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LTD Plan Must Consider Future Harm from Stress

by | Mar 7, 2024 |

In Aisenberg v. Reliance Standard Life Ins. Co., the United States District Court for the Eastern District of Virginia has ruled that a long term disability (“LTD”) plan must take into account potential future harm from continued employment when making an LTD benefits determination.

Facts.  An attorney, who worked at what he called a “high stress” occupation involving national security, received double-bypass heart surgery.  His doctors advised him to stop working, saying he should not return to his job because the stress would cause his heart condition to worsen over time and potentially cause a fatal heart attack.  Based on this recommendation, the employee applied for LTD benefits.

The plan rejected his claim for LTD benefits, stating, among other things, that under the LTD plan’s provisions and prior court rulings, one’s “regular occupation” is not the specific job that the claimant is currently working at, but instead any jobs “of the same general character as the insured’s previous job, requiring similar skills and training, and involving comparable duties.”  It also said that “[t]here is no randomized controlled study that shows relieving chronic job stress results in the secondary prevention of cardiovascular events.”

The attorney then sued the plan for benefits in federal court.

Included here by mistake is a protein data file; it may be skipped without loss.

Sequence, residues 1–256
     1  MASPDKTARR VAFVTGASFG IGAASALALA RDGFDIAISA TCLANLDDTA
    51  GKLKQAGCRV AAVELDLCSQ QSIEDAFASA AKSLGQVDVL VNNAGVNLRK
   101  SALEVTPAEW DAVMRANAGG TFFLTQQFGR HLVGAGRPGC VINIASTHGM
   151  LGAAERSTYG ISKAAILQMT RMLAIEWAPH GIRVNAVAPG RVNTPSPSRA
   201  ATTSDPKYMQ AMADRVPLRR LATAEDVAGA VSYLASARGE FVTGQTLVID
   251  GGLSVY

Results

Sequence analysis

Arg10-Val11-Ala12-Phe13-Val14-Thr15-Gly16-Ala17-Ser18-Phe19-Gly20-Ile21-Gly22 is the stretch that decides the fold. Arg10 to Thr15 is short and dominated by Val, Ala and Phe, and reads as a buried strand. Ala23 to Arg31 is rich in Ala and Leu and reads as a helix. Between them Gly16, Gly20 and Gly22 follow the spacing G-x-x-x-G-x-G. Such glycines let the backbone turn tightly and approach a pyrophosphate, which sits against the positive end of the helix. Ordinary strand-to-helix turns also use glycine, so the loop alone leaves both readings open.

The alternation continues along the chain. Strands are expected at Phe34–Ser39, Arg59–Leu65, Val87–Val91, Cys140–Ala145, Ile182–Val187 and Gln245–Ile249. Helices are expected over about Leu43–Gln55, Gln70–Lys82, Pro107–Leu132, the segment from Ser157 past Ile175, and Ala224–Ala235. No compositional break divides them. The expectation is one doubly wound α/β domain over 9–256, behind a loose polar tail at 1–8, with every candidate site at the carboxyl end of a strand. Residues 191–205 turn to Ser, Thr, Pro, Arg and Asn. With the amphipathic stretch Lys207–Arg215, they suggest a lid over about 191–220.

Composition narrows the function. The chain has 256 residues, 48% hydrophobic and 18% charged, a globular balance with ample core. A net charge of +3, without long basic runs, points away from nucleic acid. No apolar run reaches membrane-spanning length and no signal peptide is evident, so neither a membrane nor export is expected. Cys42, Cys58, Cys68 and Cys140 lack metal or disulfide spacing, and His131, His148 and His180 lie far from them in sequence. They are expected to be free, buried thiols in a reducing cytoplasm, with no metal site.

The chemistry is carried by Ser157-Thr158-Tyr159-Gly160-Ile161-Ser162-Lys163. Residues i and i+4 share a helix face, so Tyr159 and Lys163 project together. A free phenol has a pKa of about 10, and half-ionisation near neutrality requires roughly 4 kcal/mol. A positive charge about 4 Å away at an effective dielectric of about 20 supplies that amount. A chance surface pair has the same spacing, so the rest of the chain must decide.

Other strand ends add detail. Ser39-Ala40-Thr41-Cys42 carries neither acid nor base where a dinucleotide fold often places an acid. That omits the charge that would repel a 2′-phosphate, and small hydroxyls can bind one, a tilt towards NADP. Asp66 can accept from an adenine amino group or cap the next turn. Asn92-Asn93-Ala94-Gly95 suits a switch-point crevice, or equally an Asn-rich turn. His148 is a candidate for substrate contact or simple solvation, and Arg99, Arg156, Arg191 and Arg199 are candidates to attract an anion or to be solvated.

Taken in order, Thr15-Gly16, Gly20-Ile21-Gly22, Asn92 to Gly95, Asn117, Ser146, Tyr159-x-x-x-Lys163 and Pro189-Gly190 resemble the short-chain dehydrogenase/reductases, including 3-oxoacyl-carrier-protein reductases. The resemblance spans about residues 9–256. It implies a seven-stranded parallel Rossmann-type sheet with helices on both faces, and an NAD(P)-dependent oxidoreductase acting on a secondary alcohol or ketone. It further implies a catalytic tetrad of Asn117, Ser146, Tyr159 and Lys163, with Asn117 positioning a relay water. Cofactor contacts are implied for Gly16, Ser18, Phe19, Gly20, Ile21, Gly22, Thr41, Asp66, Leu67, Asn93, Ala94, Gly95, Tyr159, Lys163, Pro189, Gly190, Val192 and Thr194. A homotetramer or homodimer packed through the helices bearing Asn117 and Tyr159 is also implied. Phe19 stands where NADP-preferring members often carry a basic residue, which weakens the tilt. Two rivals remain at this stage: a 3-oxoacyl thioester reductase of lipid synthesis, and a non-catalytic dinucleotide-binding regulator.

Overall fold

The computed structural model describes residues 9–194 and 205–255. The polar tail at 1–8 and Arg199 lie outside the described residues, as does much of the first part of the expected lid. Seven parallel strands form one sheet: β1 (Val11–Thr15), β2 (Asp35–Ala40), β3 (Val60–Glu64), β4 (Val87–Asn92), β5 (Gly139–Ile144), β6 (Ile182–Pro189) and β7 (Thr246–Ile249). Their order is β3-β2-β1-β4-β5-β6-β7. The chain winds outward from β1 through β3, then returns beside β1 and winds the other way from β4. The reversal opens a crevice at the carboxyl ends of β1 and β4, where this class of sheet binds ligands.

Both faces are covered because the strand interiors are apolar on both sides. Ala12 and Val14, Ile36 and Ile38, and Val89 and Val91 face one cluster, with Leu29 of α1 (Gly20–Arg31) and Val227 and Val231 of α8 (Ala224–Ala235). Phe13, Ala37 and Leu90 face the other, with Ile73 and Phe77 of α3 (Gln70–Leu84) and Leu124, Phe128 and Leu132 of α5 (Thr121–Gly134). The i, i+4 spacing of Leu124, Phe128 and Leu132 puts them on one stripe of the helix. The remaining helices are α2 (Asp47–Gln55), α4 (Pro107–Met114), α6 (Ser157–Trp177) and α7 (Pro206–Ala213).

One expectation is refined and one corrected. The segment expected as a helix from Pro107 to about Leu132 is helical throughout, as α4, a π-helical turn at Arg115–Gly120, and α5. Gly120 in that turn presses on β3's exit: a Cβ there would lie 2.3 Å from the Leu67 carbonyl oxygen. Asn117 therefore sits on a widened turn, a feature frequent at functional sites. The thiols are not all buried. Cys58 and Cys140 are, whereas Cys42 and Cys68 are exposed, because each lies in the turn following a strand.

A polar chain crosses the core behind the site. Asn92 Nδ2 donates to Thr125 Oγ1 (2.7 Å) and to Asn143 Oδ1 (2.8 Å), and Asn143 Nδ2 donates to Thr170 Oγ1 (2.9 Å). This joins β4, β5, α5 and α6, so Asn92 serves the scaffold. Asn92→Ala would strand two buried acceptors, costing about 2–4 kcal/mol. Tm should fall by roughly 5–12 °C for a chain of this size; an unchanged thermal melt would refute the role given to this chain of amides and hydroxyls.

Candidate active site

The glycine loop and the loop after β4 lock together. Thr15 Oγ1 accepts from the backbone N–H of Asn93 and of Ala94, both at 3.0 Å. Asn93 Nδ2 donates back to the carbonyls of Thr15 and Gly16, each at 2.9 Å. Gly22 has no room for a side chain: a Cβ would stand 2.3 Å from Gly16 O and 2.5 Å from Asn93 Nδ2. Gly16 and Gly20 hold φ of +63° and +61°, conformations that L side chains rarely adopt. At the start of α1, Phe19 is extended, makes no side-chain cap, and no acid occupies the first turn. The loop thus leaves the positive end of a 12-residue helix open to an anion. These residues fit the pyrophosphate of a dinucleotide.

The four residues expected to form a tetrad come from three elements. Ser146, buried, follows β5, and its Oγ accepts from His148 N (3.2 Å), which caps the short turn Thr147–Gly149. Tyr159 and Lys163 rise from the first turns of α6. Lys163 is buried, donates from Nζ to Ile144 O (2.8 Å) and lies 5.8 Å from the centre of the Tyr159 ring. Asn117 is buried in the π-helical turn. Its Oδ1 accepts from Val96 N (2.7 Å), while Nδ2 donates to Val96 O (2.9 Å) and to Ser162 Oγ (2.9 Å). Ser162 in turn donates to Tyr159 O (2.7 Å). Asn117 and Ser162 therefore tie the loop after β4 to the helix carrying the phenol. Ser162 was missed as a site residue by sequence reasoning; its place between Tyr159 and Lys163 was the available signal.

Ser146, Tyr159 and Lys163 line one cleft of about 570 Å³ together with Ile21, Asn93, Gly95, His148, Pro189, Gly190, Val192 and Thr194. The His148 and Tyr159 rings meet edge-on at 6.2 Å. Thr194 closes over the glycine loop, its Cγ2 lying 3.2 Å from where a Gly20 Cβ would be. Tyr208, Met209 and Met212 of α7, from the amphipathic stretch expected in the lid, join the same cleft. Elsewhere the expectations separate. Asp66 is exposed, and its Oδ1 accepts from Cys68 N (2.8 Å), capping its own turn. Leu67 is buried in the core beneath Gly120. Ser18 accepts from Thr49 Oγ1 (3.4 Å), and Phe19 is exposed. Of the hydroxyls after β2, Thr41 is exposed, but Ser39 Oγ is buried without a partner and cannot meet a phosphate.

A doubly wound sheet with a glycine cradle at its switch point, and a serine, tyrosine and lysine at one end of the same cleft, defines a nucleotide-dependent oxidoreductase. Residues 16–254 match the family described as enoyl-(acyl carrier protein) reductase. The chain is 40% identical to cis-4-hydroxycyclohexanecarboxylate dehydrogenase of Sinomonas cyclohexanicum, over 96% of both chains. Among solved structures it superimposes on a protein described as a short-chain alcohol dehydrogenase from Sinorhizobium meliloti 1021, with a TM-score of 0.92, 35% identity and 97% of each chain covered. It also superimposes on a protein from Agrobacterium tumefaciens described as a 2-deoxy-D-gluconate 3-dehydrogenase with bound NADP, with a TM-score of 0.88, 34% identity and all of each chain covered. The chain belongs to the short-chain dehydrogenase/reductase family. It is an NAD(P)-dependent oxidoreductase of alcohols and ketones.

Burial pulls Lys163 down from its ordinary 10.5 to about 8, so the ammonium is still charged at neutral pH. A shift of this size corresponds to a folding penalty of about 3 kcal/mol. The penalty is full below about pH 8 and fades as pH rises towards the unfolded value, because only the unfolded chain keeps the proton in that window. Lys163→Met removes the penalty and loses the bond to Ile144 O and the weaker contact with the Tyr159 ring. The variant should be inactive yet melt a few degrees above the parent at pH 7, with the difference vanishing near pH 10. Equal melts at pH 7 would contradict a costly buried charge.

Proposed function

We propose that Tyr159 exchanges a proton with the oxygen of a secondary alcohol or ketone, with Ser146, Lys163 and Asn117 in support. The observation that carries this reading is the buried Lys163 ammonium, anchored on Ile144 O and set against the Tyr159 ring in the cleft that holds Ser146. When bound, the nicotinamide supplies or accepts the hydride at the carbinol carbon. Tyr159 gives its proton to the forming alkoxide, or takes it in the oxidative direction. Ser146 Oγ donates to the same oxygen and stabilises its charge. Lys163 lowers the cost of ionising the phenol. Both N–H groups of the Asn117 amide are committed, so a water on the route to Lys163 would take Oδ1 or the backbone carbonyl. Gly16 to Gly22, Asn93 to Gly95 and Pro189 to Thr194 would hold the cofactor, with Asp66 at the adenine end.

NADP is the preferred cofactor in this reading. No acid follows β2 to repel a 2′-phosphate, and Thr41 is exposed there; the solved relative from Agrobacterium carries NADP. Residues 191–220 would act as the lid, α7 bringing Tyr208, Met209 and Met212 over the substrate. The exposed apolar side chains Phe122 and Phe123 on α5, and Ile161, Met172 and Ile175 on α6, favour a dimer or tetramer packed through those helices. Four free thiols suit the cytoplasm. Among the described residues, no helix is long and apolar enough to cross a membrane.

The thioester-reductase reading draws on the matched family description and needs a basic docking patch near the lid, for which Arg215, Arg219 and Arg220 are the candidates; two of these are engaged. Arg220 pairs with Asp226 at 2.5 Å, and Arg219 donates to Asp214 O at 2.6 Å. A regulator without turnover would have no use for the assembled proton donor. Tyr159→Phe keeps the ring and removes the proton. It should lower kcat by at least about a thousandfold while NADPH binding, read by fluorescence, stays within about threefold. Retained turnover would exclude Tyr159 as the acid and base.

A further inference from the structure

District Court.  With regards to LTD benefits, the court said that once an employee’s regular occupation and its material duties are defined, the plan must use “a reasoned and principled process” to determine whether the claimant’s disability renders him unable to complete the job’s determined material duties.  As a general rule, participants are entitled to LTD benefits if they are capable of working full-time but are only able to complete some of the material duties of their regular occupation due to the claimed disability.  In other words, to support a denial of disability, the plan must find that a claimant can complete all material duties of their regular occupation on a full-time basis.

However, the court determined that in this case the plan had abused its discretion by not considering the risk of future harm the attorney would suffer by returning to a high-stress work environment, and improperly failed to consider whether other “less stressful” attorney positions existed in the national economy.

Specifically, the court found that the plan did not provide evidence to demonstrate that its examining doctors knew the material duties of the attorney’s current occupation or the stress levels of those duties.  Thus, there was no basis for its opinion that he was not disabled despite the harm that stressful working conditions might impose.  Furthermore, even if the plan’s doctors did know what constituted the attorney’s material duties, the plan’s failures to both assess the risk of harm that stress might cause for a patient recovering from cardiac surgery and address conflicting evidence from the attorney’s own doctors on that issue “underscores the insufficiency of the materials used in the plan’s denial of LTD benefits.”

Therefore, the court ruled that the plan’s failure to assess the risk of future harm that undertaking the material duties of the attorney’s job, or other comparable jobs, might impose was an abuse of discretion rather than “the result of a deliberate, principled reasoning process.”  The court then ruled that because of this abuse of discretion, the attorney was entitled to retroactive LTD benefits.